campyone wrote:
...All I have at the moment is a Canon 430EX flash unit.


I suspect you won't get very far with a single speedlight but just start with the simple objects, those that are less reflective, and see how you go. I'm sure you'll learn a lot by the end of the project and I suspect you might have a few more lights by the end of it too.

Don't forget that you can potentially use other types of lights such as fluorescent lights although the colour balance will never be correct. Tungsten is an option, although possibly too hot for the museums liking and they may even damage some objects, but the colour balance should be easy to correct fully if colour balance is important (it might not be).

Cross polarisation is an option but you will loose lots of light with that setup, approx 3 stops (1.5 stops on the lights plus 1.5 stops from the PL on the lens). You won't have a hope in hell with just a couple of speedlights unless the objects are quite close or you use a high ISO which will then give you relatively poor image quality. Cross polarisation really does require powerful strobes but if you use PL gels on continuous lights then you can just use a suitably long exposure instead. I only ever use it for small objects for this reason as I don't have uber powerful strobes and I hate using high ISO's.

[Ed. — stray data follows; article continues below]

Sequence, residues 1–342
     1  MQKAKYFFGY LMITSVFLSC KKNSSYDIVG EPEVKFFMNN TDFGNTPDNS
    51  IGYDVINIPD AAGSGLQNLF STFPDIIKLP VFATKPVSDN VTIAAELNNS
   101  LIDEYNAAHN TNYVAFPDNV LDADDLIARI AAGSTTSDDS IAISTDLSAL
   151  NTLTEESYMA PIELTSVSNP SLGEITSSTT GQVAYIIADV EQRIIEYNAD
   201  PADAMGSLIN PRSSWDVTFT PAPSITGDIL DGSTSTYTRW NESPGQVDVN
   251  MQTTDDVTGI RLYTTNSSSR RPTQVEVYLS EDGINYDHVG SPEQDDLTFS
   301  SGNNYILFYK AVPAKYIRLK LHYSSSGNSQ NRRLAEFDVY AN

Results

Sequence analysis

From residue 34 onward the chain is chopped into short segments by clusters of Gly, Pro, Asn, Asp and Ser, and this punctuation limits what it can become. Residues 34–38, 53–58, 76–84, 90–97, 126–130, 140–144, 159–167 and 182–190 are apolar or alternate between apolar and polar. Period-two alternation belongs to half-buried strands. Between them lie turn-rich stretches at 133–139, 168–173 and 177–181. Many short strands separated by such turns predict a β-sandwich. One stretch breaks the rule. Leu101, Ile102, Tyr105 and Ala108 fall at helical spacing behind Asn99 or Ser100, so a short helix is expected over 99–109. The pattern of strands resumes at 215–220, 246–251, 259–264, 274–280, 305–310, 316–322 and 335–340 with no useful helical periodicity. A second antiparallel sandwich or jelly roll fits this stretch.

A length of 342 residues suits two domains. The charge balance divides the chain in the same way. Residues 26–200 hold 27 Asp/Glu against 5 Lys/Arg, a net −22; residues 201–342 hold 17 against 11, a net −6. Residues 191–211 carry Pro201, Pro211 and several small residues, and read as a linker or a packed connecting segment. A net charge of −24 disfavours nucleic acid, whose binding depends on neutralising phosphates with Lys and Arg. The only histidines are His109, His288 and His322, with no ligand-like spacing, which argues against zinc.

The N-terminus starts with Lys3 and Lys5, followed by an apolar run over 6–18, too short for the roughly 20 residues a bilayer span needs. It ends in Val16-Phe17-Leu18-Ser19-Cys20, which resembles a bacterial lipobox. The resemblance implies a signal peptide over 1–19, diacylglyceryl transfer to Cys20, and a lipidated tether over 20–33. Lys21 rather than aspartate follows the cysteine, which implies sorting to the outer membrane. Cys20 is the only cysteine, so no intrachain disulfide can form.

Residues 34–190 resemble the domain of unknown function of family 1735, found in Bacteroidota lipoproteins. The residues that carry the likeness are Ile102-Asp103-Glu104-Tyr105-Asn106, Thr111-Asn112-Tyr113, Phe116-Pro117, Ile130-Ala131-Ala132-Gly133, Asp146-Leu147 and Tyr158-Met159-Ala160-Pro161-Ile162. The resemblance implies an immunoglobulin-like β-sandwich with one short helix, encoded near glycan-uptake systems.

You can potentially light paint the objects but this is time consuming and not something I'd suggest for hundreds/thousands of items. But you would only need one light!

Maybe you've bitten off more than you can chew. That's not necessarily a bad thing. There's no better way to learn IMHO.

Good luck, have fun.



Dec 21, 2012 at 05:15 AM
Allynb
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p.1 #7 · Minimizing Reflections


+1 Light science and magic will answer most of your reflection questions.


Dec 21, 2012 at 05:21 AM
RustyBug
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p.1 #8 · Minimizing Reflections


While it isn't very "creative" ... you might look into a light tent (store bought or DIY built) for shooting your subjects.

It could be in the museum's interest to purchase (or help build) a light tent and just let you use it. They would then have it available for future shoots as well.

Having one with an open back can allow "shoot through" such that you can have different background / background lighting. I saw an "old school" tent that a fabric company used for their catalog work that caught my attention for a future project.


I'd like to think that they could spend a couple $$ to save a $$$$$$$$$$ as they are aspiring to do via the volunteer route. Heck, they could even spend a couple more $$$ to send you to get some one-on-one training somewhere for this large task. They'll still come out good in the long run ... and with much better images. Not sure what their intended use for the images is. What they want for insurance record images may not be the same as for promotional images. That could be a factor here as well.



Dec 21, 2012 at 03:18 PM